As soon as you leave the road, reducing tyre pressures does not just leave rolling resistance more or less unaffected, as can be heard here and there, but actually reduces rolling resistance! This is true even on level paths of fine gravel, but the rougher the ground, the greater the effect, as the grassy ground shows. Reducing tyre pressure from 4 to 1.5 bar (57 to 21 p.s.i.) can save an averaged 20 W! The main reason for this is the unevenness of the ground. A tyre with less inflation can adapt to unevenness more easily. The total system needs to be lifted to a lesser degree and less frequently. Resistance is reduced, less power is required. Off-road a reduction of tyre pressure reduces rolling resistance. In a meadow for instance going back from 4.0 to 1.5 bar (57 to 21 p.s.i.) can save remarkable 18 Watts of power.

On an identical course and at exactly the same speed, the widest of the tyres tested here at 1.5 bar (21 p.s.i.) requires a solid 50 W less power than a narrow tyre at 4.0 bar (57 p.s.i.).

Rolling Resistance Conclusions

Anyone who wants to ride really fast off-road needs to decrease tyre pressure. The rougher the ground, the more pronounced the effect. In addition traction and comfort increase, too. Due to their thin and flexible structure, semi-slicks offer the best start-up values for minimizing rolling resistance off-road. With a reduction in pressure, however, the risk of a flat increases. And traction with the semi-slick is limited. So the answer to the question of which width is best off-road clearly reads ‘fat tyre’ both for superior traction and snake bite prevention.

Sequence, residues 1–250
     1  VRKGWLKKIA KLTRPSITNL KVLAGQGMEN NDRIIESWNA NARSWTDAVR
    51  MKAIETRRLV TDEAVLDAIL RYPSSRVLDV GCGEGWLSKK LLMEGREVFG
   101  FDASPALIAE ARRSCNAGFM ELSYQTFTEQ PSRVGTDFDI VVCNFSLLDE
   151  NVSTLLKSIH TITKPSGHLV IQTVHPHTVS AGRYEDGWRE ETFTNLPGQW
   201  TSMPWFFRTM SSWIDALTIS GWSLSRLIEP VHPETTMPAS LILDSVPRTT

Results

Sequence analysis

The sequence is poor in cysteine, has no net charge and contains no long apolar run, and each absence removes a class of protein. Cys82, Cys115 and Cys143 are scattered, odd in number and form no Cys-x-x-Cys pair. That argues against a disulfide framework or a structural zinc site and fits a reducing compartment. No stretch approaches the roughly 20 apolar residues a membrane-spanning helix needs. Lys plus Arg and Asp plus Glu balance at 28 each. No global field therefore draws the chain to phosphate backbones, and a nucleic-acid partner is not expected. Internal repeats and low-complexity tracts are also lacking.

For cross country races and marathons involving only a small percentage of tarmac a wide tyre with low pressure is recommended. The most overestimated aspect here is the frequently criticized extra weight of the wider tyre. To accelerate a pair of tyres with an extra weight of 500 g from 0 to 25 kph in 4 seconds requires an additional 4.2 W power. On the other hand the wider tyre on a grassy surface saves you 15.5 W against a narrower specimen, and this at the low speed of 9.5 kph. Moreover the rolling resistance reduction has a continuous effect while lighter weight is only of relevance during acceleration.

Lennard Zinn on rolling resistance

“During any rolling resistance test, you obviously have to keep tire pressure constant so that you can compare apples to apples. Beyond that, tire pressure should come down when the road is wet or rough, and not just for shock absorption. If the road is rough, the tire has less rolling resistance when softer since the small bumps and gravel chunks are absorbed into the tire, rather than throwing the entire bike and rider up and back as happens with high pressure, costing energy and requiring re-acceleration of the bike. It’s the same reason for why the rolling resistance of a mountain bike is reduced with suspension and low-pressure, tubeless tires  the sprung weight is reduced.”
Taken from Technical Q&A with Lennard Zinn � Rolling resistance redux

Other Rolling resistance links

MTB Tires; rolling resistance, snakebite resistance etc. – an analysis based on tire test on Bike 08/2004